Managing Reputation or Rewriting History?
A friend of mine sent this piece from the Sacramento Bee. It’s a story about the University of California Davis paid Nevins & Associates – a reputation management firm — $175,000 to remove online mentions of a November 2011 incident where campus police pepper sprayed student protestors. Admittedly, not the kind of images that would lead high school seniors to apply. But it begs at least two questions.
Question 1 is whether a state university should be spending that kind of money on anything other than essential services. And it’s a pretty good question whether that type of PR campaign is in any way essential.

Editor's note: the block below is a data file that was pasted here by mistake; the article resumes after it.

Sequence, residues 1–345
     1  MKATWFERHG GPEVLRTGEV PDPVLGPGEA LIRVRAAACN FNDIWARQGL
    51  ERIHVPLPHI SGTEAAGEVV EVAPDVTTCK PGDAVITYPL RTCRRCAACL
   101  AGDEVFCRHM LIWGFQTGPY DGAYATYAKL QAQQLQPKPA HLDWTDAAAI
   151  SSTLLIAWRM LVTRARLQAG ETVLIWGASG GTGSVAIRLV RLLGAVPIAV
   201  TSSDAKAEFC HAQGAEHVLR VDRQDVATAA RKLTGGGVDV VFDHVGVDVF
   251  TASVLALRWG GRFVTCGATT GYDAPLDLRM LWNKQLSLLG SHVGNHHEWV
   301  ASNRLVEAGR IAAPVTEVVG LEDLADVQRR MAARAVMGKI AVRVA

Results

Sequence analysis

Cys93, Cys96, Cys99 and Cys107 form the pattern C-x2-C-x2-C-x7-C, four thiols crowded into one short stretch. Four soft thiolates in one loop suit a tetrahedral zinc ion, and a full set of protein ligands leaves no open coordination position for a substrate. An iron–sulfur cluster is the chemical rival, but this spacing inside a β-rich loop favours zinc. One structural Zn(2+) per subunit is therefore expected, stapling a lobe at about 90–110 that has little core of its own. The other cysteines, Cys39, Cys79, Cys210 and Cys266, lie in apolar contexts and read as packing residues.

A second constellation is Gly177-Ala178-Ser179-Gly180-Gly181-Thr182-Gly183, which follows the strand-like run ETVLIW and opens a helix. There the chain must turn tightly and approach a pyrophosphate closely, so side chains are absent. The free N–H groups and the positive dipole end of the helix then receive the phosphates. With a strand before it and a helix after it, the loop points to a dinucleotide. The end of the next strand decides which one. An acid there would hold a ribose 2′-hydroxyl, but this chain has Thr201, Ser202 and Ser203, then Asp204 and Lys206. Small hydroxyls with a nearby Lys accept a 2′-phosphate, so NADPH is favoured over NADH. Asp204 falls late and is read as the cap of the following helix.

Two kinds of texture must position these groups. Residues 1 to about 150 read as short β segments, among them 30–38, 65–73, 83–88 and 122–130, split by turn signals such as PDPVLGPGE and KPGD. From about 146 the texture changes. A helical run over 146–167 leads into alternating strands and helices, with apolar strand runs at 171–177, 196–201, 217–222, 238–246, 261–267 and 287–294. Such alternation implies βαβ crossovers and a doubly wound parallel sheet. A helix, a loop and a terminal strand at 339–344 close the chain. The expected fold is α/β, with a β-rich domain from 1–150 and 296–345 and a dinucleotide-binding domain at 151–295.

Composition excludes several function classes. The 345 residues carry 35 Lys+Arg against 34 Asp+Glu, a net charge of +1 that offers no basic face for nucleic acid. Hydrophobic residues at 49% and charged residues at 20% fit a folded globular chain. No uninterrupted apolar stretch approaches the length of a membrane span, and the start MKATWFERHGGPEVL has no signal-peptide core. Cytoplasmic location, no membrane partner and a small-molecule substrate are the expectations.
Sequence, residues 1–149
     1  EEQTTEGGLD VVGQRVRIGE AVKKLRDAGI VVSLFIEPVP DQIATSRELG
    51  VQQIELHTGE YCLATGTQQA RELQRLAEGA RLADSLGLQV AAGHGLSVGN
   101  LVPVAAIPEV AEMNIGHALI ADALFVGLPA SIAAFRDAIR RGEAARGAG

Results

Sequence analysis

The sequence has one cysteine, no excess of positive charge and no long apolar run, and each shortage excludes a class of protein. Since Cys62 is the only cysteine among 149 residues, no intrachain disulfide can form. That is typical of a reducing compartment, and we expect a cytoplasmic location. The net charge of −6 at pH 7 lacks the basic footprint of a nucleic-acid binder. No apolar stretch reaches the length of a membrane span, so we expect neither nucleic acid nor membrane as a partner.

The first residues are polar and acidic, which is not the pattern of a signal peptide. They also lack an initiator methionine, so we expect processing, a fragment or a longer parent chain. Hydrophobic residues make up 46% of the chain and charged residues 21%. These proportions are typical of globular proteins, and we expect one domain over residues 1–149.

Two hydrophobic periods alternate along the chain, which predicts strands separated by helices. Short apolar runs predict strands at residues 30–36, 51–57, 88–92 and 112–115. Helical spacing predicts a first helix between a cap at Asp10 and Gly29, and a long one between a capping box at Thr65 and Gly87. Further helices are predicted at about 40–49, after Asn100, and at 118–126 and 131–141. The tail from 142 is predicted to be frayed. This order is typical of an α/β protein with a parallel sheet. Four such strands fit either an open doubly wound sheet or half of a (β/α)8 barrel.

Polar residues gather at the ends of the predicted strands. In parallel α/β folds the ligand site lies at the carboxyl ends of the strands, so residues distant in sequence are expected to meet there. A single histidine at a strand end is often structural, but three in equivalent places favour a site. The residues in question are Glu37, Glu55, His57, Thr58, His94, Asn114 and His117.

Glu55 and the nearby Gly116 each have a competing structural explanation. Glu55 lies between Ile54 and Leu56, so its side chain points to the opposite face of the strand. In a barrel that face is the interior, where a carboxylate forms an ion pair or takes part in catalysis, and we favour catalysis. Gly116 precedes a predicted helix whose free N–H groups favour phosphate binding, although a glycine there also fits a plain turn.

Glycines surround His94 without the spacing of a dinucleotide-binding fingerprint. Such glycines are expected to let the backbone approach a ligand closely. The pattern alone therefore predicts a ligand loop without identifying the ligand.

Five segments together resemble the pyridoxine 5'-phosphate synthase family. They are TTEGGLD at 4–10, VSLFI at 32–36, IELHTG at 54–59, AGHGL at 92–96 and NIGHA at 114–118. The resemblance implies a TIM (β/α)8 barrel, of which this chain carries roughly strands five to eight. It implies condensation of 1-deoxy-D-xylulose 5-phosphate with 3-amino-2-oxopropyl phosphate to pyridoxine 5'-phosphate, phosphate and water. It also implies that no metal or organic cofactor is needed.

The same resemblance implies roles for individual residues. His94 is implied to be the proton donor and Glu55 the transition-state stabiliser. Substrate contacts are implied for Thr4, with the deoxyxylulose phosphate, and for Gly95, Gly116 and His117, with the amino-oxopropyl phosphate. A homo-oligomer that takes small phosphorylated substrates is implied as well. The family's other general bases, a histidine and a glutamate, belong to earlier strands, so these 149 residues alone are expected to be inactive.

Question 2 is a little bigger. And it is whether this is a legitimate PR campaign or an effort to re-write history. I don’t think any institution has an obligation to dwell on negative events in its history. If Kent State opts not to post a picture of the National Guard shooting from 1970, I get it. And I get that UC Davis wants to move on from its own unfortunate recent history. So if that means it emphasizes all the good things about UC Davis, go for it.
But reputation management takes it a step further in my view. According to a memo from Nevis & Associates, its objective was the “eradication of references to the pepper spray incident in search results on Google for the university and the Chancellor.” That’s not just accentuating the positive. That is truly eliminating the negative. And for a university, whose mission should be about discovering the truth, that seems as misguided as a face full of pepper spray.